1973 1974 1975 1976 1977 1978 1979 1980 1981 1982
maximal sea level cm 314 308 331 325 320 318 356 361 330 361
1983 1984 1985 1986 1987 1988 1989 1990 1991 1992
maximal sea level cm 316 326 326 345 309 305 320 311 333 327
1993 1994 1995 1996 1997 1998 1999 2000 2001 2002
maximal sea level cm 340 310 334 329 330 320 319 321 311 325
2003 2004 2005 2006 2007 2008 2009 2010 2011
maximal sea level cm 305 342 322 316 326 372 338 342 321
Figure MR02-3: Frequency of extreme sea level
Sources: 

Slovenian Environment Agency, 2016

Show data
1961 1962 1963 1964 1965 1966 1967 1968 1969 1970
number of days per year when the high water exceeded 3m number of days per year 3 7 11 5 10 9 6 8 7 6
1971 1972 1973 1974 1975 1976 1977 1978 1979 1980
number of days per year when the high water exceeded 3m number of days per year 4 2 2 3 3 4 1 5 15 5
1981 1982 1983 1984 1985 1986 1987 1988 1989 1990
number of days per year when the high water exceeded 3m number of days per year 11 7 8 10 3 4 6 1 2 7
1991 1992 1993 1994 1995 1996 1997 1998 1999 2000
number of days per year when the high water exceeded 3m number of days per year 3 16 9 5 7 16 16 7 10 12
2001 2002 2003 2004 2005 2006 2007 2008 2009 2010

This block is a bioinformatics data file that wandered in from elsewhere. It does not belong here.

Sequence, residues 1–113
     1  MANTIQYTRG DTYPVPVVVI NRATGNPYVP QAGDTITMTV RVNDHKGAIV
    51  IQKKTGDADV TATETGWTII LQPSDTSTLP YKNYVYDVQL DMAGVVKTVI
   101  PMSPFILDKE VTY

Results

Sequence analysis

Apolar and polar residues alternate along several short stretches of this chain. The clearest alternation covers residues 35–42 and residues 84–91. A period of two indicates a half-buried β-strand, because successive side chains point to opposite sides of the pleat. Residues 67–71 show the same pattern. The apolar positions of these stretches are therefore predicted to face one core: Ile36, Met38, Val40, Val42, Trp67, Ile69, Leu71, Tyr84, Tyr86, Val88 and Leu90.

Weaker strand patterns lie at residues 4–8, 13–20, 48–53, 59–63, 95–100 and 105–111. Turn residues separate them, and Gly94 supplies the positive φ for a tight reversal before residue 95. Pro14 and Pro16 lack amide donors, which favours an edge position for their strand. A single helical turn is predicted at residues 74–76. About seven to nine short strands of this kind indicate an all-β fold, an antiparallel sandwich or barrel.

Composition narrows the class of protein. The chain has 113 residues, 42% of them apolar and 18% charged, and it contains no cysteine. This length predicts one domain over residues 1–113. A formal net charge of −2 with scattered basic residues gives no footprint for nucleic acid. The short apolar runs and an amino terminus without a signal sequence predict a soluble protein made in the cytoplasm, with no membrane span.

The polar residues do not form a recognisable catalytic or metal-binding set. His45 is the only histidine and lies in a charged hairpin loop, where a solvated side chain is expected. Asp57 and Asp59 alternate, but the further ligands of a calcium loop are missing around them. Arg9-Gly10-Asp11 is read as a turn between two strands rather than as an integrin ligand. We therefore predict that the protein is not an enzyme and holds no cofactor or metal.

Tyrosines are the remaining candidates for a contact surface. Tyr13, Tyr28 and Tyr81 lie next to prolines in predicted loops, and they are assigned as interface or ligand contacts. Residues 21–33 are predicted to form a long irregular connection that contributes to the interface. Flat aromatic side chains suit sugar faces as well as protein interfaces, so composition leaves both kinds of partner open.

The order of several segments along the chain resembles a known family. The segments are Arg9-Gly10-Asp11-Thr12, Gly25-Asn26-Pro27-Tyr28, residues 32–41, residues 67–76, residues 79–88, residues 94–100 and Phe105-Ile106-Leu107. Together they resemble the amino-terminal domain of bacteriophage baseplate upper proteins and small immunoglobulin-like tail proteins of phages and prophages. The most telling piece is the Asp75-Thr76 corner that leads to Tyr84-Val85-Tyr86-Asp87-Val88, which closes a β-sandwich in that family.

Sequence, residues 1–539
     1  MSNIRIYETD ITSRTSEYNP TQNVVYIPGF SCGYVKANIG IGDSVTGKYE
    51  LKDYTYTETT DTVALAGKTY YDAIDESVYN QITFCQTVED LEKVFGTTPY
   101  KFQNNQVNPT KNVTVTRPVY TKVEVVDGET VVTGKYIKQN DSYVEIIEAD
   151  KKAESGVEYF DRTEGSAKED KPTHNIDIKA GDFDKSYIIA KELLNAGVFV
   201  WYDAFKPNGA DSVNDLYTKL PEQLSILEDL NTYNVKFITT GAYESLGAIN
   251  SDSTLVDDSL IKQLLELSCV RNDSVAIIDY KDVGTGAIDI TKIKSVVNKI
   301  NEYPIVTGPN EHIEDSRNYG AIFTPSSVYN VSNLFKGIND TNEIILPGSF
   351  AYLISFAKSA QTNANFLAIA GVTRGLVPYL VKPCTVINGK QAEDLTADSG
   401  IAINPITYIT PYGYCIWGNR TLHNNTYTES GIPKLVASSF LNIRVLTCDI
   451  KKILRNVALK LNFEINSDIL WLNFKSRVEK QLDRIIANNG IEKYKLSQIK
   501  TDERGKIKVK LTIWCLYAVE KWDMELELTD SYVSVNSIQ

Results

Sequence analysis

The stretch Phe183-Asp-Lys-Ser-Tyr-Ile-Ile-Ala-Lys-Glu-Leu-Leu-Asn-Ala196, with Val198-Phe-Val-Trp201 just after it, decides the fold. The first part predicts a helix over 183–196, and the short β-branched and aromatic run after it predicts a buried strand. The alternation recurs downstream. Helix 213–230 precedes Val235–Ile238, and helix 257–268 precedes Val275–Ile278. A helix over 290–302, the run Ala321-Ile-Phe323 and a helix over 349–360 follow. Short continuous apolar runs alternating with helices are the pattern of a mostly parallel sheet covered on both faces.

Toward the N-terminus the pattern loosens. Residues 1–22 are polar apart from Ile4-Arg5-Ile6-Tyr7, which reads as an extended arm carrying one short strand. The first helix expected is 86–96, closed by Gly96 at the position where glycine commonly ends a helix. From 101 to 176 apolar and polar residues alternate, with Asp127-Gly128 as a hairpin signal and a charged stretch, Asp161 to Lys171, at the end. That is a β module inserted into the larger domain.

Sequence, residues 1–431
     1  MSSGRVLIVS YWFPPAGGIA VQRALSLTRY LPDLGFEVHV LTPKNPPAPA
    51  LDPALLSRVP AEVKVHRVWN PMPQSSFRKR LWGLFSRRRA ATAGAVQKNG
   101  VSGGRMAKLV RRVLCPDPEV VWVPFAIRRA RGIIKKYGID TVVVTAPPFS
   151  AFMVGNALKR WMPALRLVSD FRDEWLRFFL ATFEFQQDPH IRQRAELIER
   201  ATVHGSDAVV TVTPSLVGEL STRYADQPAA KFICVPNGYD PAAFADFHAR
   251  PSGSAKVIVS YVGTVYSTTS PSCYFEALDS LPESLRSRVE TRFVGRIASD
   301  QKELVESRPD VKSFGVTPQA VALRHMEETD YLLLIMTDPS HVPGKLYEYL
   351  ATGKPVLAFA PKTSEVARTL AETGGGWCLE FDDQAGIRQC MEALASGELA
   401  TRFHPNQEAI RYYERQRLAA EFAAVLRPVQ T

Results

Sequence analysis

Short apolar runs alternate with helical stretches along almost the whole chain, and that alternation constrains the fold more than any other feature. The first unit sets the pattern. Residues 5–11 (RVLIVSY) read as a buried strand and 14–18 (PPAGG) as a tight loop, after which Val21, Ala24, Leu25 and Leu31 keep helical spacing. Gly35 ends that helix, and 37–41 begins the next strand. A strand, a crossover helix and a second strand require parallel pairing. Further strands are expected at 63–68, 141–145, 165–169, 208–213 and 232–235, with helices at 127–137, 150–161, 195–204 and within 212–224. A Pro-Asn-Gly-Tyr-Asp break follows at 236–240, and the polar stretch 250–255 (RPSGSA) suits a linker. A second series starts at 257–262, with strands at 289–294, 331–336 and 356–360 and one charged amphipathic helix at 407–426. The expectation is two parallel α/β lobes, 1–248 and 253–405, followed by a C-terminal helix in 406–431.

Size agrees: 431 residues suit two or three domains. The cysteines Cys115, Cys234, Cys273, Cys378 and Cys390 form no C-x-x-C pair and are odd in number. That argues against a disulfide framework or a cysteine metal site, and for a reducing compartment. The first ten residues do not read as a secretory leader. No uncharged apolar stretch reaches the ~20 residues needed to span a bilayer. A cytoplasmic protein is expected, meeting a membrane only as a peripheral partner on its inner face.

number of days per year when the high water exceeded 3m number of days per year 8 10 3 16 3 6 4 14 25 31
2011
number of days per year when the high water exceeded 3m number of days per year 2
Figure MR02-4: Change in global sea level, 1960-20133
Sources: 

EEA, Global and European sea level rise, 2016

Figure MR02-5: Projected change in relative sea level (year 2100)
Sources: 

EEA, Global and European sea level rise

*Note: Scenario RCP4.5.

Figure MR02-6: Increase in the frequency of flooding events under projected sea level rise (year 2100)
Sources: 

EEA, Global and European sea level rise

Note: Scenario RCP 4.5


Goals

  • Providing information to managing authorities that allows for better adaptation to anticipated changes.
  • Early detection of current and long-term sea level deviations, which will improve forecasting of and warning against extraordinary hydrological events at sea.

 

The European Union has adopted the EU Strategy on adaptation to climate change. It includes measures such as building of infrastructure for flood protection, reduction of water consumption, adaptation of building regulations and development of drought-resistant crops. Each Member State is obliged to prepare its own strategy on adaptation to climate change by 2017.

 


In the Gulf of Koper, sea level changes have been monitored since 1960. The tide gauge is primarily intended for monitoring and forecasting sea levels during coastal flooding, while a longer time range of data and analyses of influential parameters provide insights into the effects of climate change.